Church and State—by Mrs. Thatcher
Addressing members of the Finchley Women's Inter-Church Luncheon Club last week, Mrs. Margaret Thatcher, Conservative Member for Finchley, stressed that a childhood spent in a Christian home was the best possible background that could be provided.
Mrs. Thatcher said she had always been grateful to her own parents for this, but she thought that her audience perhaps did not realise that Finchley probably had a larger proportion of such homes than some areas, and so would be unaware of some of the social problems that would be acute in such places.
Speaking primarily on the contacts between Church and the Government, she outlined the direct control that existed between the State and the established Church of England only, but added that, contrary to popular belief, recommendations from the Church Assembly had to be ratified, or rejected, but could not be amended by Parliament.
It would be very difficult to set aside the terms of a Trust Deed administering funds or property provided for specific purposes, even with the agreement of the present parties concerned. The Charity Commissioners had been appointed to deal with such difficult questions arising from money subscribed, for instance, to a disaster fund, but the question of church buildings was a very involved one. It was such matters that could halt the progress of churches wishing to unite.
Mrs. Thatcher also dealt with aspects of education which were of great concern to the churches; such as the minority report attached to the Lady PlowdenPlowden report, dealing with religious instruction in schools. She felt that this was beneficial—being compulsory at present—and it was in this connection that she mentioned the cases where parents with strong beliefs themselves, instructed their children, as many did in Finchley, whereas there were areas in which the children would have no knowledge of any belief at all, if this were not given in school. [end p1]
Although nowadays atheists or agnostics, as well as members of any religious denomination could sit in the House, the business of the day was preceded by prayers, and she felt it was still a good thing to be reminded of the standards towards which they were striving and of the beliefs underlying the standards.
People had come to take for granted the good that sprang from Christianity, but she thought that the Christian ethic without a real belief would not continue indefinitely alone—it would be like a flower without a root.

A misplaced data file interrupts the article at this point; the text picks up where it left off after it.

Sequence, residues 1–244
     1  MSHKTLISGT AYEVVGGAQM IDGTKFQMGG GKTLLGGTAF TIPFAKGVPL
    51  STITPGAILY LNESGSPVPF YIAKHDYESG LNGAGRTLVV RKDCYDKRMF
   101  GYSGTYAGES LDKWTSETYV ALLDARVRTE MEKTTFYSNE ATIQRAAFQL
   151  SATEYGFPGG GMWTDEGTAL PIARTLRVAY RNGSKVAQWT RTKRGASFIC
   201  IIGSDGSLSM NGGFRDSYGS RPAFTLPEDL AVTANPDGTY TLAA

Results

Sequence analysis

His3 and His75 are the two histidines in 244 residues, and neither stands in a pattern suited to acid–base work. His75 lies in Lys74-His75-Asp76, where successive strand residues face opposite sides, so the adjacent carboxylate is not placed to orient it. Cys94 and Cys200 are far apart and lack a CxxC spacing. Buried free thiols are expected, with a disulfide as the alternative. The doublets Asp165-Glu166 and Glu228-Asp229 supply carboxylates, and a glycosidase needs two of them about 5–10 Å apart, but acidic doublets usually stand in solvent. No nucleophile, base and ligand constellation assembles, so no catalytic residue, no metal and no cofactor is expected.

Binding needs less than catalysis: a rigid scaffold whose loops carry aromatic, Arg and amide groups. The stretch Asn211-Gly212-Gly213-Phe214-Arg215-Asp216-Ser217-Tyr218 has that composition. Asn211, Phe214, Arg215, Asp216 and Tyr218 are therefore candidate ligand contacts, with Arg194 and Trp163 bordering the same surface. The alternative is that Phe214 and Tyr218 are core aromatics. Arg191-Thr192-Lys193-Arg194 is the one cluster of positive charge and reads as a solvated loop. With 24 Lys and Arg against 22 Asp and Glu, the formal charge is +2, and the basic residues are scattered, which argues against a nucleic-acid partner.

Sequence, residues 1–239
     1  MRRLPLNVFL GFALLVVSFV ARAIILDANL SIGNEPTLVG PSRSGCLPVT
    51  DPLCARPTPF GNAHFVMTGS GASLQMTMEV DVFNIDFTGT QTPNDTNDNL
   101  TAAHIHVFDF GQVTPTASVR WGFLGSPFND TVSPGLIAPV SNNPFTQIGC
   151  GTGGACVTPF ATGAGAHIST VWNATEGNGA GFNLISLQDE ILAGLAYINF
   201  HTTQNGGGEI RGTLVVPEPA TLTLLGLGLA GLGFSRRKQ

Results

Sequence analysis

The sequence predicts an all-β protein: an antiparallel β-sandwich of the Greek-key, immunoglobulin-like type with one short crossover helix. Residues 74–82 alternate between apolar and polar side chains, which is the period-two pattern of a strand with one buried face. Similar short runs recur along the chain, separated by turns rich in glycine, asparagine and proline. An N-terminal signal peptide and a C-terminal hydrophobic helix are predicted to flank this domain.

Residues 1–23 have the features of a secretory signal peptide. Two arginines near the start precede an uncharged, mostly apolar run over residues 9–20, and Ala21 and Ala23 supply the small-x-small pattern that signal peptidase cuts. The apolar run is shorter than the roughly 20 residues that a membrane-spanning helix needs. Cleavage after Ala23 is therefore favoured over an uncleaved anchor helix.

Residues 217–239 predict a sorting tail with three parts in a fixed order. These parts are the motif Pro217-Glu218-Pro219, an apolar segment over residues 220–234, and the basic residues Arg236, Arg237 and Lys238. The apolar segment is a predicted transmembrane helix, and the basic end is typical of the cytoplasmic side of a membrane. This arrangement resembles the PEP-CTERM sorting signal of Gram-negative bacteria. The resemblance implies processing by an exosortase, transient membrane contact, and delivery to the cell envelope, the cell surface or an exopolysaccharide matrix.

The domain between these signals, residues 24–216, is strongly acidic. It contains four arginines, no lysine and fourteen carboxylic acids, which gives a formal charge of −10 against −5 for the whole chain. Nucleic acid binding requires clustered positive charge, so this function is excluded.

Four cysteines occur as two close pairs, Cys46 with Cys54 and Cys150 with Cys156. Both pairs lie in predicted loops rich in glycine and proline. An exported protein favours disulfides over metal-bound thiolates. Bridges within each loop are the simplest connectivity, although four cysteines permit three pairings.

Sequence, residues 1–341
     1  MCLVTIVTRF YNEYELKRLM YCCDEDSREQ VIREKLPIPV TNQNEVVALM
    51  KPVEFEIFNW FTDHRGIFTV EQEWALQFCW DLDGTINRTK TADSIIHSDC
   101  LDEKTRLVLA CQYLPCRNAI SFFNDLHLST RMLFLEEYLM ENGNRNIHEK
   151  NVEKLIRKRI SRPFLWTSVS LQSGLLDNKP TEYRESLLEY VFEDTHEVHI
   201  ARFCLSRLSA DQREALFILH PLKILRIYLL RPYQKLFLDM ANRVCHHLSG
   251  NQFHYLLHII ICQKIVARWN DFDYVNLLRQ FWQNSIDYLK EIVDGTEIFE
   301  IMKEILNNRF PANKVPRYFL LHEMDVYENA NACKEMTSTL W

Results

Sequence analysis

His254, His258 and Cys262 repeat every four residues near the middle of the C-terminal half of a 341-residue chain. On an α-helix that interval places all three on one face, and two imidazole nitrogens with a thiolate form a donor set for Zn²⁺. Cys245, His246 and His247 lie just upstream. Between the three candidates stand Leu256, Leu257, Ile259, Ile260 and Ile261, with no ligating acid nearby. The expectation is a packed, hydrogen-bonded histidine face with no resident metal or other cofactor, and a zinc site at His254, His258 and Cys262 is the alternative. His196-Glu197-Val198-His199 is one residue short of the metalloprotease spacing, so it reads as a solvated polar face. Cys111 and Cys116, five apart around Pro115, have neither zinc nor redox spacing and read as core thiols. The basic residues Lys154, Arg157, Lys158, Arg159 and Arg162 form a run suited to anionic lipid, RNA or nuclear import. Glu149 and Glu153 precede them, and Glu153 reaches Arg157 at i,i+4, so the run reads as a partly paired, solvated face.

Mrs. Thatcher said that there were cases where government appeared to hinder the churches, but these would be cases of civil law.
In speaking of religious bodies, Mrs. Thatcher referred to the various Jewish communities.
On the vexed question of secondary education, she pointed to the excellent grammar schools provided by denominational interests. She wondered how these could be brought into a comprehensive plan—they were too valuable to lose—perhaps some could join forces with others to produce “a comprehensive church school” —since they had the same ideal in view.
In her experience the Church school did attract the more dedicated teacher from whom the child could gain more than the best equipped or planned school could give. The State in any case, already benefited from these schools as they provided some of the money and spent it wisely.
(2) Finchley Press, 20 January 1967
Mrs. Thatcher on church unity
Mrs. Margaret Thatcher, MP, speaking on the church and the government at the Finchley Women's Inter-Church Luncheon Club meeting at St. Mary's Parish Hall, Church End, reminded her listeners that Parliament had no say in the Roman Catholic or the Free Churches, but only in the established church, the Church of England.
This operated primarily through the Church Assembly. The Protestant doctrine, the appointment of Bishops, any proposed alterations in the Prayer Book, for instance, would come under the jurisdiction of the government.
On church unity, Mrs. Thatcher thought that the emphasis should be on what the churches had in common, rather than their differences.
Difficulties often arose in proposed unity of Free churches, when it was sometimes found that clauses in old trusts connected with individual churches, might be in opposition to unity.
Touching on the subject of comprehensive schools, Mrs. Thatcher said she would like to see in the future a joining together of some of the church day schools whose battle for existence had often been long and hard.
Parliament, she went on, was made up of members of varying creeds and faiths, and the ultimate decision for the good of the people was not necessarily a definite what is right or what is wrong according to individual beliefs of members, but what was best in the present circumstances.
On the general picture, today, she believed that there was a great need for re-thinking, that faith should be revivified.
“The period of taking it for granted is over” , said Mrs. Thatcher, “if we are to confound the doubters who believe that the intellectual approach can solve anything.”
Referring to the Plowden report on primary school education, she was of the opinion that religious instruction should be part of every school's curriculum.